Nazarov has a vision for Chukotka in which the permanent towns of the north, with their services, would be emptied out. Instead, workers would be brought in to mine the extensive gold and tin deposits on rotations of a few weeks at a time, leaving their families behind.
About 800 Chukchis work in the tundra, herding 150,000 reindeer. Vladimir Utikhtikak, 23, lives most of the year in a yaranga, a tent made of hides, moving with his herd through a frozen landscape where the folds of the distant mountains are smudged in the palest pastel blues and lilacs.
He and the nine others in his group live a solitary life on the forbiddingly empty tundra. Their yarangas are rimmed with frost on the inside, except in the sleeping sections curtained off with ,, furs.
It has been a bad year for Utikhtikak because ice that formed under the snow during a thaw has kept the reindeer from grazing, and they are dying of starvation. The herders can't make money selling meat and hides anyway, because no one has any money.
"It used to be that the reindeer provided everything we needed to live," said Anatoly Teneru, director of a reindeer collective who believes the herder's way of life is dying out. "The psychology of my people is different now. Why work if we're not getting any money?"
Alcohol and television, Teneru said, have turned the Chukchi people away from their roots, as have boarding schools and Soviet collectivization.
"We'd like to have fruit and vegetables," said Valentina Gumyanova, who lives in Konergino. "But that's our own fault for having gotten used to them."
Except for reindeer, nothing is grown in Chukotka. People catch fish and collect berries and mushrooms, but otherwise they must rely on their wages to buy food. Yet, as in most of Russia, people haven't been paid regularly here for four years.
Food instead of pay
A system arose in which the regional government and various enterprises began bringing in food, mostly purchased in Seattle, that workers could accept in lieu of wages. U.S. cabbages, beets and pickles were making their way to the Russian far east, but in August most of the regional government's money was frozen when the banking system collapsed. Prosecutors are looking into allegations that a major part of Chukotka's money has been illegally diverted. In any event, the imports stopped.
In Konergino, at least, there's a sense that hardship comes with the territory. Viktor Pakhomov lost his fingers, toes and left ear to frostbite when he lost his way in the tundra 14 years ago. "Winter will be wonderful," he said. "Could you lend me something for a drink?"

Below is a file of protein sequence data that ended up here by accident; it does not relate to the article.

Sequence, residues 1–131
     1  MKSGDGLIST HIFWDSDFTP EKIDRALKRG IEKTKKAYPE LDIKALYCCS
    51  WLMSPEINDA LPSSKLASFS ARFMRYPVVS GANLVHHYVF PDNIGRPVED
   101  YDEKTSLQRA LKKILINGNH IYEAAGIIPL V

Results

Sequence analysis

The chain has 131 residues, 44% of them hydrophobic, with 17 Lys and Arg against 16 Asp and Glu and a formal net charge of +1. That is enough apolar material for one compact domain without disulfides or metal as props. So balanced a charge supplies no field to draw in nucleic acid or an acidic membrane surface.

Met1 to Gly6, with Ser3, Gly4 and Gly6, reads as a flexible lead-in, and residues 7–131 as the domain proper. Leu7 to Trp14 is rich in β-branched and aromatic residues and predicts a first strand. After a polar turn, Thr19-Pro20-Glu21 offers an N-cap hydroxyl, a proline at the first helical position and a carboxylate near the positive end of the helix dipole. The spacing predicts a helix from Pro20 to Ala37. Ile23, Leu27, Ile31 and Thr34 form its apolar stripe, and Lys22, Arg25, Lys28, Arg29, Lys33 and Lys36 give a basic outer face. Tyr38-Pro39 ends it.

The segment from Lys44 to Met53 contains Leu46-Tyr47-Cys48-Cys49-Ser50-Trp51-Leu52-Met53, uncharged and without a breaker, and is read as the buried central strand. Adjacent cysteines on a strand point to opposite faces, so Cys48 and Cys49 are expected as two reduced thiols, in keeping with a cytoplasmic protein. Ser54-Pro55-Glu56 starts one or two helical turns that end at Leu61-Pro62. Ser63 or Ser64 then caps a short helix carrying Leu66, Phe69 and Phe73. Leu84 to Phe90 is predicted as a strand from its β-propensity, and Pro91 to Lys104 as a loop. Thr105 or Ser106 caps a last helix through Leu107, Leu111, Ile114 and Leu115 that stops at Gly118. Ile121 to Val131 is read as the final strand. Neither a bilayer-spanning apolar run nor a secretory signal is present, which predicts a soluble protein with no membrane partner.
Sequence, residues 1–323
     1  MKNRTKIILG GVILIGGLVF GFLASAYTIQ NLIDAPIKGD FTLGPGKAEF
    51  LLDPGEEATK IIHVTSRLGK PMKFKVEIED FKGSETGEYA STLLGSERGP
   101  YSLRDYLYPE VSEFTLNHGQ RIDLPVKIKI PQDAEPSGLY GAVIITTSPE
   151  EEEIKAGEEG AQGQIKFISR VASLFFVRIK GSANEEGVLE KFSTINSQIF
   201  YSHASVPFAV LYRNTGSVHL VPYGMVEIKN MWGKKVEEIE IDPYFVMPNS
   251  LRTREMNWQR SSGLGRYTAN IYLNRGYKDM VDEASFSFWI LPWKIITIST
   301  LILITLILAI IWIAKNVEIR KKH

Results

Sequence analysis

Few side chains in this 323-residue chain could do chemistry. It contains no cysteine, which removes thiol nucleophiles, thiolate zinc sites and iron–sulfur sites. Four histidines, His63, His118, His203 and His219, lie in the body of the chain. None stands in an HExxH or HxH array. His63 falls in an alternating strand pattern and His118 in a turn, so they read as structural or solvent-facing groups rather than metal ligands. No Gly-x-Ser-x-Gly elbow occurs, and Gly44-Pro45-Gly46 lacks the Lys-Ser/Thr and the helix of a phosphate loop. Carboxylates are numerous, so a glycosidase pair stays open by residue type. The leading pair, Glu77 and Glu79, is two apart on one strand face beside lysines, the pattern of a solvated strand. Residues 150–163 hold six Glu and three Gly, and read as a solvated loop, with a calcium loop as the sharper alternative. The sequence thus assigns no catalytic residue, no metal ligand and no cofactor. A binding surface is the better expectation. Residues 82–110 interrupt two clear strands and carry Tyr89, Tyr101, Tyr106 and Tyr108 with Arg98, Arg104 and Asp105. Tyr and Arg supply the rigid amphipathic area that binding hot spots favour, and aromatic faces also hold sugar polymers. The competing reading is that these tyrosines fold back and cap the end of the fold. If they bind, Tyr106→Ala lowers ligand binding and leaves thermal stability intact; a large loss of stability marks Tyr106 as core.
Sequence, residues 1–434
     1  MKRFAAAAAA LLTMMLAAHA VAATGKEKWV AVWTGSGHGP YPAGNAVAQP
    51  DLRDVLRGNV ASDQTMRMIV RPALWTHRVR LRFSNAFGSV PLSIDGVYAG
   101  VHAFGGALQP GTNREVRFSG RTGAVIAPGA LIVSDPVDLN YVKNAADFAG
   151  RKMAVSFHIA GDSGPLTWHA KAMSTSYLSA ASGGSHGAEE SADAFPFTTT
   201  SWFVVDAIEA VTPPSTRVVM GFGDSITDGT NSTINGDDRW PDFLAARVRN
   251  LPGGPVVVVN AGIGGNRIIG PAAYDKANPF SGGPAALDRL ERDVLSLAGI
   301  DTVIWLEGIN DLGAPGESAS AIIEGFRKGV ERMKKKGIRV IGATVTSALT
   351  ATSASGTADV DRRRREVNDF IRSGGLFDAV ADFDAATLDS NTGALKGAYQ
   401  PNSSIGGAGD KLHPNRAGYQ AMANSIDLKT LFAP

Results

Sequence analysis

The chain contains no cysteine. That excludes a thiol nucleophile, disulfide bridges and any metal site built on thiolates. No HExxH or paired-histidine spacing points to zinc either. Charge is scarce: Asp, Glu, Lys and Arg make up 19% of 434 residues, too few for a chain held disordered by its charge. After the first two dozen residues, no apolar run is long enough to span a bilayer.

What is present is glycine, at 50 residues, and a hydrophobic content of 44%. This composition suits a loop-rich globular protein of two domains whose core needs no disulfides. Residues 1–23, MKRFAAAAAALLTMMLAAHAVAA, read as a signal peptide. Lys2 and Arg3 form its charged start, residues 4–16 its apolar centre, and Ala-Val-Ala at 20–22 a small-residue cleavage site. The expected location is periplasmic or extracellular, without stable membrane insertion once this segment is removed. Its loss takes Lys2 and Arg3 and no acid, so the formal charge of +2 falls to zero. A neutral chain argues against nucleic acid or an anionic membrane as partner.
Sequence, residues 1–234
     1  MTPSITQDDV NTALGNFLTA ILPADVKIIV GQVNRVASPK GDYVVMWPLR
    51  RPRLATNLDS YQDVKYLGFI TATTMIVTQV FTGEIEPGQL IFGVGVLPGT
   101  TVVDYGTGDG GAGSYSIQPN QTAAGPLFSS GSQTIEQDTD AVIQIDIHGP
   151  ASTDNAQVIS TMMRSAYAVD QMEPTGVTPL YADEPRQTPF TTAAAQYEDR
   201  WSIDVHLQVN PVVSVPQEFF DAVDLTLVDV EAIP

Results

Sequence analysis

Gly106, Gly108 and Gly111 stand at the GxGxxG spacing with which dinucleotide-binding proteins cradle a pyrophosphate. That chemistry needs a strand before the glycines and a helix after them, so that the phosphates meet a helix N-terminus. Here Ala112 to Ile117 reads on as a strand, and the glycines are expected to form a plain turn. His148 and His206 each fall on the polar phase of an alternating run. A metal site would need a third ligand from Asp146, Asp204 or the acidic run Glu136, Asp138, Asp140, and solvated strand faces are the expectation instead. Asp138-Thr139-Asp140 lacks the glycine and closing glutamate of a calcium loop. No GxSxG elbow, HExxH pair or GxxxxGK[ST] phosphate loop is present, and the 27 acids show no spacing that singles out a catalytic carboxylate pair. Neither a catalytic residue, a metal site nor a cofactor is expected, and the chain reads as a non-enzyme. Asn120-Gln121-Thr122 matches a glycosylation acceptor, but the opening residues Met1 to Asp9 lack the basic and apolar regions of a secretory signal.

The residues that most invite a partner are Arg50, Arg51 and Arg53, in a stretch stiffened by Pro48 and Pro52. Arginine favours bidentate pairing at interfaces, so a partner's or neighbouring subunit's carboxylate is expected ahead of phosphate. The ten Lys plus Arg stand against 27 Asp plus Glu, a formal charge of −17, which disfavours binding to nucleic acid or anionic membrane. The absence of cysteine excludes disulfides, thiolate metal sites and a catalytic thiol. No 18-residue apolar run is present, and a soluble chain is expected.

Natasha Tagrigirgina, 13, lost her father in 1996 when he froze to death while hunting. "I was born here; I'll live here," she said. Her fondest wish is "that my mama lives to see a grandson."
In Apapelkhin, patience has run out.
This village outside Pevek bears the brunt of cold, damp winds coming off the Arctic. A person's nose crunches slightly as it begins to freeze inside. Heat is scarce.
Eleven municipal workers went on a hunger strike Nov. 27 when their monthly food allotments were cut back. Up to then, they had been receiving a monthly allotment of a little more than 2 pounds of rice, peas and sugar, one salted fish, a little more than 4 pounds of flour and oil, and bread when it was available.
"We're hostages," said Valentina Velichko, a 45-year-old crane operator and widow who has been in Chukotka for 14 years, lured by the higher salaries once offered for work in the north. She has lost 11 pounds. She is owed almost three years' pay and can't afford to move back to central Russia.
She and the other strikers have moved into two rooms in the village administration building. They lie on cots, sipping water while huddled in blankets and coats. They are drawn and bitter and don't see a way out.
"Spare us from advertising," she said. "Our children can't bear to watch Snickers ads on TV anymore."
Nazarov, whose wife and daughter live in Moscow, which he visits frequently as a member of the Federation Council, wouldn't meet with the hunger strikers. But he said Wednesday that he would find money for them. He blamed Moscow for the delayed payments.
In Pevek, a town of 6,000 where from November to February the sun is never seen, 684 families are on the waiting list for government-subsidized apartments elsewhere in Russia, said Larisa Kozar, a welfare official. Last year, eight families from that list made the move, and many more scraped money together on their own and got out.
"If everyone could go, of course most of them would," Kozar said. "If I had a choice, I'd go."
Pub Date: 12/19/98